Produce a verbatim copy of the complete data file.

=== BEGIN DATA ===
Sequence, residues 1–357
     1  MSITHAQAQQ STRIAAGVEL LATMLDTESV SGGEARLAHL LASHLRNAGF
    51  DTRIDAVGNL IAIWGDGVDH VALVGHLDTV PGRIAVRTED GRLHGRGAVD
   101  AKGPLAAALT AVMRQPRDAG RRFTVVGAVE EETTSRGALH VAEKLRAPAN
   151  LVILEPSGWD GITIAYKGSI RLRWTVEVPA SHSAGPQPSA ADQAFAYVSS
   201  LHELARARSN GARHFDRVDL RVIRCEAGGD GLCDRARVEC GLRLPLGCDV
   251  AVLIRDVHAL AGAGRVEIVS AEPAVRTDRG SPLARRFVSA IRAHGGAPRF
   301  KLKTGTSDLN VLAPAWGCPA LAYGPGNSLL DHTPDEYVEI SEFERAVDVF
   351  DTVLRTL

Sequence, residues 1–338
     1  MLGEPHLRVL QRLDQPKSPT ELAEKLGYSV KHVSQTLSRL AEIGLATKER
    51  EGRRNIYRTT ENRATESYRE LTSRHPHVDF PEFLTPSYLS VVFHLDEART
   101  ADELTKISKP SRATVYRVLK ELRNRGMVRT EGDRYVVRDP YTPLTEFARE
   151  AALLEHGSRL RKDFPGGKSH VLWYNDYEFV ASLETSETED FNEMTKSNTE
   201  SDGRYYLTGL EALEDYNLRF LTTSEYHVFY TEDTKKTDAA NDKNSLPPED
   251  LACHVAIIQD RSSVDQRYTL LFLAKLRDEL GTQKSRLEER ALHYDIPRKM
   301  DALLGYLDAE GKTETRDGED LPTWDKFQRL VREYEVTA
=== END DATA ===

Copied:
Sequence, residues 1–357
     1  MSITHAQAQQ STRIAAGVEL LATMLDTESV SGGEARLAHL LASHLRNAGF
    51  DTRIDAVGNL IAIWGDGVDH VALVGHLDTV PGRIAVRTED GRLHGRGAVD
   101  AKGPLAAALT AVMRQPRDAG RRFTVVGAVE EETTSRGALH VAEKLRAPAN
   151  LVILEPSGWD GITIAYKGSI RLRWTVEVPA SHSAGPQPSA ADQAFAYVSS
   201  LHELARARSN GARHFDRVDL RVIRCEAGGD GLCDRARVEC GLRLPLGCDV
   251  AVLIRDVHAL AGAGRVEIVS AEPAVRTDRG SPLARRFVSA IRAHGGAPRF
   301  KLKTGTSDLN VLAPAWGCPA LAYGPGNSLL DHTPDEYVEI SEFERAVDVF
   351  DTVLRTL

Sequence, residues 1–338
     1  MLGEPHLRVL QRLDQPKSPT ELAEKLGYSV KHVSQTLSRL AEIGLATKER
    51  EGRRNIYRTT ENRATESYRE LTSRHPHVDF PEFLTPSYLS VVFHLDEART
   101  ADELTKISKP SRATVYRVLK ELRNRGMVRT EGDRYVVRDP YTPLTEFARE
   151  AALLEHGSRL RKDFPGGKSH VLWYNDYEFV ASLETSETED FNEMTKSNTE
   201  SDGRYYLTGL EALEDYNLRF LTTSEYHVFY TEDTKKTDAA NDKNSLPPED
   251  LACHVAIIQD RSSVDQRYTL LFLAKLRDEL GTQKSRLEER ALHYDIPRKM
   301  DALLGYLDAE GKTETRDGED LPTWDKFQRL VREYEVTA